Antennular peduncles stout; stylocerite strong, with sharp tip greatly overreaching distal margin of second article, sometimes reaching almost to end of third article; ventromesial carina with anteriorly directed, acute tooth; second article about 1.2 times as long as wide; lateral flagellum biramous; fused portion short, with three or four joints; accessory ramus well developed, with several groups of long aesthetascs ( Figs. 11 View FIGURE 11 c, e, h; 13b). Antenna with basicerite ending in stout sharp tooth distoventrally; scaphocerite ovate, with anteriorly rounded blade and sharp distolateral tooth, latter reaching beyond anterior margin of blade; anterior margin of scaphocerite not or only slightly exceeding distal margin of antennular peduncles; carpocerite reaching to end of scaphocerite ( Figs. 11 View FIGURE 11 c, e; 13b, d).

Mouthparts typical for genus in external view. Third maxilliped slender, pediform; coxa with distally subacute lateral plate above mastigobranch; penultimate article about 2.5 times as long as wide proximally; ultimate article tapering to slender corneous tip, with several thick subdistal setae; arthrobranch well developed ( Fig. 11 View FIGURE 11 i, j).

Chelipeds subequal or slightly unequal in size and asymmetrical in shape and armature on finger cutting edges (at least in adult males), carried extended when not in use ( Figs. 12 View FIGURE 12 a–d; 14a–f; 15a, b). Ischium stout, short, with stout spiniform seta distodorsally ( Figs. 12 View FIGURE 12 a–c; 14a, b, d). Merus almost as long as wide in males, noticeably longer than wide in females, broadening distally, triangular in cross-section, with three well-defined margins, dorsal margin ending in very conspicuous blunt tooth, proximodorsal margin with stout spiniform seta ( Figs. 12 View FIGURE 12 a–c; 14a, b, d). Carpus very stout, short, cup-shaped, widening distally, with deep dorsal constriction, ventral margin without stiff seta ( Figs. 12 View FIGURE 12 a–c; 14a, b, d). Male major chela robust, with palm conspicuously flattened on mesial surface and fingers about 0.6 length of palm; dorsomesial-proximal surface of palm with strong, usually somewhat dorsally and/or anteriorly projecting, distally curved process; fingers somewhat gaping, crossing distally; cutting edges of fingers with few strong, rounded or subtriangular teeth, three on dactylus and four on pollex, distal-most teeth very large, especially on pollex; adhesive disks moderately developed ( Fig. 14 View FIGURE 14 d–f). Male minor chela with palm flattened on mesial surface and fingers about 0.9 length of palm; dorsomesial-proximal surface of palm with strong, dorsally and/or anteriorly projecting, distally curved process, latter similar to that of major chela; dactylus distinctly flattened and somewhat expanded dorsally; cutting edges of fingers finely and irregularly dentate ( Fig. 14 View FIGURE 14 a–c). Female minor chela (or one of chelae) generally similar to male minor chela, less robust, with slenderer fingers; dorsomesial-proximal surface of palm with strongly projecting, distally curved process as in males; cutting edges of fingers armed with small spaced irregular teeth ( Fig. 12 View FIGURE 12 a–d).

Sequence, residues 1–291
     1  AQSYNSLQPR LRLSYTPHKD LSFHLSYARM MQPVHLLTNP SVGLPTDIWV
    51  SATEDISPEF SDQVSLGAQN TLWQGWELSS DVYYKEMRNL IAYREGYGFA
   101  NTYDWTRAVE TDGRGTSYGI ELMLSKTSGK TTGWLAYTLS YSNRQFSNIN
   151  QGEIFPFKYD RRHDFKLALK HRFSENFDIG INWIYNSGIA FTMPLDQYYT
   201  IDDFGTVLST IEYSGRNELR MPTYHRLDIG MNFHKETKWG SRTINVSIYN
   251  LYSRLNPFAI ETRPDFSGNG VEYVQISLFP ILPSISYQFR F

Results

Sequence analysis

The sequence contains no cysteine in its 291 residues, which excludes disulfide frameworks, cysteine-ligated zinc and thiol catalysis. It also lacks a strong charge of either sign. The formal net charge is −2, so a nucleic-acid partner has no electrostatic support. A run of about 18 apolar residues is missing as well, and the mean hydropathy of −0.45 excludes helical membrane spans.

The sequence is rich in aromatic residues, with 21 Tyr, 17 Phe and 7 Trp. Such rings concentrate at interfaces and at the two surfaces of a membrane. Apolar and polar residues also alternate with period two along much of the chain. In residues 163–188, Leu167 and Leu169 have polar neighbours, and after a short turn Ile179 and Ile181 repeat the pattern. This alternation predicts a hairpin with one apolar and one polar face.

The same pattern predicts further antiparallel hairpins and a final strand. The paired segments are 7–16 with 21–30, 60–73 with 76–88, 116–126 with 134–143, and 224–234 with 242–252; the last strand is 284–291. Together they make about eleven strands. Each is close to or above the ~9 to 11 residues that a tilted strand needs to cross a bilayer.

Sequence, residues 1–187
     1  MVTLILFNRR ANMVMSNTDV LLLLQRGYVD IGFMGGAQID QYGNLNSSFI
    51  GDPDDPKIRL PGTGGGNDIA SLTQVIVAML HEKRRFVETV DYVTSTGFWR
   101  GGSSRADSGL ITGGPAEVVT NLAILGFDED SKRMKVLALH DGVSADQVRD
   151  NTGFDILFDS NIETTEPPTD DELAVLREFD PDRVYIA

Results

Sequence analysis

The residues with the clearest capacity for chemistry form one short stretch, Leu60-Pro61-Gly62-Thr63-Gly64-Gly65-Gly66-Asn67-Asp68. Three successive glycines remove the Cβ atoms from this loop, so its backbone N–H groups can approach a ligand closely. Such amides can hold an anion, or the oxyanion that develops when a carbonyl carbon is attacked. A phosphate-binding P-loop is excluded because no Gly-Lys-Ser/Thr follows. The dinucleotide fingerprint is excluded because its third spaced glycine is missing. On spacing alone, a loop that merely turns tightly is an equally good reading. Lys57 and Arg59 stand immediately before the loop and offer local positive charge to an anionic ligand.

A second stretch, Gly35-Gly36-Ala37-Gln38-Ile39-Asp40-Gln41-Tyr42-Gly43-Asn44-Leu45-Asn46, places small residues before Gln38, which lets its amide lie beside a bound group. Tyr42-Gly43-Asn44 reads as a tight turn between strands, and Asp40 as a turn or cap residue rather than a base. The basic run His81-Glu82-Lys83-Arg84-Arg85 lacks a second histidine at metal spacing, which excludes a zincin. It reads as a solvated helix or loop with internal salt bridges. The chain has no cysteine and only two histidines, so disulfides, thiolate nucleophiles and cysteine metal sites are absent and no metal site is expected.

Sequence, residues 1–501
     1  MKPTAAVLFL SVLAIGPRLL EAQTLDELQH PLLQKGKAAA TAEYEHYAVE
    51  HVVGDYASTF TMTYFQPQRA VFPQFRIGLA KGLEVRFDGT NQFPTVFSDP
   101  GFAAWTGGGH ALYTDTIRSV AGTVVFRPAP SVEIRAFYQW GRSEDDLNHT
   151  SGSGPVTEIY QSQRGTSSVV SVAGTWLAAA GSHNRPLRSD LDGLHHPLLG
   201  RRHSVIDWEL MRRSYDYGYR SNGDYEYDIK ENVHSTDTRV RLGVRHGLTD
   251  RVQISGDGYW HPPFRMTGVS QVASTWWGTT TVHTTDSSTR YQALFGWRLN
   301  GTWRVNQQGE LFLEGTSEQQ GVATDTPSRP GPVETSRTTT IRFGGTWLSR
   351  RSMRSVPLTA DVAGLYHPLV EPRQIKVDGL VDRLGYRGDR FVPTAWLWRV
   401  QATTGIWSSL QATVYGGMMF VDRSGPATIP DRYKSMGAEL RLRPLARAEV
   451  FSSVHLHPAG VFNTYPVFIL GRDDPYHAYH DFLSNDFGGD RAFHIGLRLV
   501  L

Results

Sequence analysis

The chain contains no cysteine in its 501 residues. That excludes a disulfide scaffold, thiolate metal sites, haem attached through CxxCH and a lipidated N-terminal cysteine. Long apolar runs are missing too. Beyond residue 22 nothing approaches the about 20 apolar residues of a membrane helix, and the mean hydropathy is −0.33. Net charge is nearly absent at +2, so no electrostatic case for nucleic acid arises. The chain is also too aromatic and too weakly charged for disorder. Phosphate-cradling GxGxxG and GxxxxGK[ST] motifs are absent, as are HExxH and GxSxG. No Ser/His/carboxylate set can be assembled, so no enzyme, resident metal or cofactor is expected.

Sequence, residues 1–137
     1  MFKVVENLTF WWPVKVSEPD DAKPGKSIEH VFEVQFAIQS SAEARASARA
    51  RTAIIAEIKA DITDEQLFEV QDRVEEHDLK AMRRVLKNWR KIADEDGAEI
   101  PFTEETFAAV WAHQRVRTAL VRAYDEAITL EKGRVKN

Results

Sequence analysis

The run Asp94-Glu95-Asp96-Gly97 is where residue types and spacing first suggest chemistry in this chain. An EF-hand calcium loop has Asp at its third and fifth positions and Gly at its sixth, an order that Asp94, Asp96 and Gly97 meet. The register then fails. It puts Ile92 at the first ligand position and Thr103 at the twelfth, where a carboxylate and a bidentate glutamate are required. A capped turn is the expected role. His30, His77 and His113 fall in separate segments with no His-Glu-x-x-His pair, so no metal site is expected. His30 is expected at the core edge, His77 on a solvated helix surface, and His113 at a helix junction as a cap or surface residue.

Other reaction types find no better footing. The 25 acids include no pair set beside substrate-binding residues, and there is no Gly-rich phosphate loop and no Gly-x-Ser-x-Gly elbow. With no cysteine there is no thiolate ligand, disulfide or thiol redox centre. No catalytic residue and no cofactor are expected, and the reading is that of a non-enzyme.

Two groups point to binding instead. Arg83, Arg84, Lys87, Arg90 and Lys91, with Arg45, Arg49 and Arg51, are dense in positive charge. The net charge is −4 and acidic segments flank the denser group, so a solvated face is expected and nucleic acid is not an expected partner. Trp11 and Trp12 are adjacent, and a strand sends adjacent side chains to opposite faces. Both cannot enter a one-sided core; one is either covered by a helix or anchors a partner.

Second pereiopod moderately slender; ischium shorter than merus; carpus five-jointed; ratio of carpal joints (from proximal to distal) approximately equal to: 3: 1.2: 1: 1: 2; chela longer than distal carpal article, with fingers equal to palm in length, simple ( Figs. 12 View FIGURE 12 e; 13e). Third pereiopod moderately slender; ischium with one stout spiniform setae on ventrolateral surface; merus about 4.8–5.1 times as long as wide, unarmed; carpus about half-length of merus, much slenderer, without or with minute seta on distoventral margin; propodus with three spiniform setae along ventral margin and pair of distal spiniform setae adjacent to dactylus; dactylus about 0.4 length of propodus, slender, simple, conical, gradually curving distally ( Figs. 12 View FIGURE 12 f, g; 13f). Fourth pereiopod generally similar to third pereiopod. Fifth pereiopod more slender than third and fourth pereiopods; ischium unarmed on ventrolateral surface; merus about five times as long as wide, unarmed; carpus about 0.7 length of merus; propodus long, slender, with at least four spiniform setae along ventral margin, one long distal spiniform setae adjacent to dactylus, and several rows of serrulate setae on distolateral surface; dactylus about 0.45 length of propodus, similar to that of third pereiopod ( Fig. 12 View FIGURE 12 h; 13g).